In the Rock auto site; both the Airtex # 5C1069 or the AC Delco # E536 would be suitable. Basically, any coil listed for US model 1993 Metro LSI convertibles will work. And these coils will all look like a tin can, with the high voltage terminal and the two primary terminals together on the same end. The only listings which are not suitable are the ones for the Canadian models or the non convertible US models. And that difference will be very obvious; because the unsuitable coils will be more oval than cylindrical, will have an external metal core surrounding the coil, and will have the high voltage terminal on the opposite end of the coil from the primary terminals; with the primary terminals located inside a plug that will not match with your harness wires.
Now, there are other types of tin can style coils which are not suitable for the Metro; but they would not be listed as replacements for that vehicle. I believe that you already replaced the coil with a new one some time ago. If you think the parts clerk sold you a coil that was not intended for the Metro, and you can post all the numbers and markings, and brand information printed on the coil; I'll probably be able to confirm whether or not it is suitable.
I understand that you have checked everything you could possibly think of; but you must bear in mind that you are dealing with electronic parts here, which cannot be checked without meters and test equipment. Because you do not have this equipment, there are many items in the electrical system that you are not able to check. And it is certainly among those items where the problem lies. Electricity may not be visible; but problems with this invisible force still can prevent the car from running, even when the parts physically look just great.
Did the EVERYTHING that you have checked include the distributor pick up coil, and the ignition module, and what about the test I suggested for bypassing the ignition switch??? Pardon my skepticism; but since you are not skilled in this area, I would at least need to know the details of what you did, explained as completely as possible, in order to confirm in my own mind that each of these items is not the source of the problem. My experience has been that people all too frequently test an electronic component by performing some sort of rudimentary electical test that is either inappropriate, inconclusive, or is improperly applied; and then become totally confident that they have eliminated that part as the source of the problem.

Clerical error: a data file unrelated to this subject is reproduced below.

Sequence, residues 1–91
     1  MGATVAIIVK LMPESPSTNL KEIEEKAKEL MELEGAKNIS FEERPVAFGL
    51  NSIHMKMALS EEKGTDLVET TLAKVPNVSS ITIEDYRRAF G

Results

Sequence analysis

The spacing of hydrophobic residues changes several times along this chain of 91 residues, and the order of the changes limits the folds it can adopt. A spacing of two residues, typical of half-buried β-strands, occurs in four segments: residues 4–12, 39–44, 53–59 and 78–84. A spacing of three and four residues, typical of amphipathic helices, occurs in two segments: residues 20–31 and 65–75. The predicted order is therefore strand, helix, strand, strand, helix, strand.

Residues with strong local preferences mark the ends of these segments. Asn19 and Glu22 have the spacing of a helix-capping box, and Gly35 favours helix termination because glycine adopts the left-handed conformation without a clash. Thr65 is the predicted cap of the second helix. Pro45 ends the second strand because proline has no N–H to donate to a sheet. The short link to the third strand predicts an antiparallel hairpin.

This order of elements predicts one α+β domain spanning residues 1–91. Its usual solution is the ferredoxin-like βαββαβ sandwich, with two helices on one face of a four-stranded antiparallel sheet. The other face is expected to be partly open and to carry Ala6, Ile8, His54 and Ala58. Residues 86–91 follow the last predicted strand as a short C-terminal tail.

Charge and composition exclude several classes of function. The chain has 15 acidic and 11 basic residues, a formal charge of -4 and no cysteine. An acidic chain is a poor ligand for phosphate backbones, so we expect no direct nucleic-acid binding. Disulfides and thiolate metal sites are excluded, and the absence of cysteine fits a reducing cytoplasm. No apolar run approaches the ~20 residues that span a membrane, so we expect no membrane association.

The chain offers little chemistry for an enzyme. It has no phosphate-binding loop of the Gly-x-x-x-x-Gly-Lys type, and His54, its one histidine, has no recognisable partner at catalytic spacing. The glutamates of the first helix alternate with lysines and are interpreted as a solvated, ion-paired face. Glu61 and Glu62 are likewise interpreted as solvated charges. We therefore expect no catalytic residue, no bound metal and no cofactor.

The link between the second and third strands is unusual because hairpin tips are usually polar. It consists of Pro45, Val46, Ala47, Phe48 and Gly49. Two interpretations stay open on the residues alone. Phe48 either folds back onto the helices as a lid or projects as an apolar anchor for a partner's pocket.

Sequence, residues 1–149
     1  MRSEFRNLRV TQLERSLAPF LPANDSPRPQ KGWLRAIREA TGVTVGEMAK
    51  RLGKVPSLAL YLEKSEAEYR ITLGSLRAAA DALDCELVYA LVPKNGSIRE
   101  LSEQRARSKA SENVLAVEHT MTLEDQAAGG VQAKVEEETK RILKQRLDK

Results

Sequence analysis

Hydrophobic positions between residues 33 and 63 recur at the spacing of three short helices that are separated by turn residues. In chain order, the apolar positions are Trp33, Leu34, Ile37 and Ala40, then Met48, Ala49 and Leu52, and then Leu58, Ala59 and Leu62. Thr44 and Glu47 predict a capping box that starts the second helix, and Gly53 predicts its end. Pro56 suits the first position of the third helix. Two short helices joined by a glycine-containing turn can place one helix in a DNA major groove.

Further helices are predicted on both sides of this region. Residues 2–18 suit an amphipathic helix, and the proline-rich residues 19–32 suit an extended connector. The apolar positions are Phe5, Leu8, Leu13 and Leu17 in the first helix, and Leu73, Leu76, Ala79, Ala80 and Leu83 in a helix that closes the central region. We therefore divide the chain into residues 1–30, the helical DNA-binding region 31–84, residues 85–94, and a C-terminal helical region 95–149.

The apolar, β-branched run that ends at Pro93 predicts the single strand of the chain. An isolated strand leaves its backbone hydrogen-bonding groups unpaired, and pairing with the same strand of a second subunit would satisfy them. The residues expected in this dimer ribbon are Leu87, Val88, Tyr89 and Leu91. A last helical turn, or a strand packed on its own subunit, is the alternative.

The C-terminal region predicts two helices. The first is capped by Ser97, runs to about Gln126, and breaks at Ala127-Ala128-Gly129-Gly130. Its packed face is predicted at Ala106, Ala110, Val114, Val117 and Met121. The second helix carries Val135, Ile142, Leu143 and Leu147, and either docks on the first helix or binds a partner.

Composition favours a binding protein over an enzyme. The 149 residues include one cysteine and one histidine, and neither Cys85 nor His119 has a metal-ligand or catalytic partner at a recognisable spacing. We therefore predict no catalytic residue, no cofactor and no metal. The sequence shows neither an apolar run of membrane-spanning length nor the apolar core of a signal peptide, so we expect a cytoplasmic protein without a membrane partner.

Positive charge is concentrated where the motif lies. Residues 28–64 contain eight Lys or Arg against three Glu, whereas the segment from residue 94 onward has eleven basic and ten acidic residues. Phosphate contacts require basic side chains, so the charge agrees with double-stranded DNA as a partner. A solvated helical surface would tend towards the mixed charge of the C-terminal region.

And that is why I am requesting full and complete disclosure.
#1642 of 1867 water temp tied to acceleration
Aug 02, 2009 (2:31 pm)
Hello, I have a 93 geo metro; last week, the water temp was reading normal until I gave it some gas. The water temp guage redlined and I took my foot off the gas, water temp drops back to normal. Luckily only a block from home; it does the same thing in reverse. Have repalced the thermostat, check all the fuses, flushed the radiator and have good even flow. I'm thinking now it must be elecrtical, but I'm not sure if I need to relace the coolant temp sensor, or the temp switch or what I should do. Thanks for any help!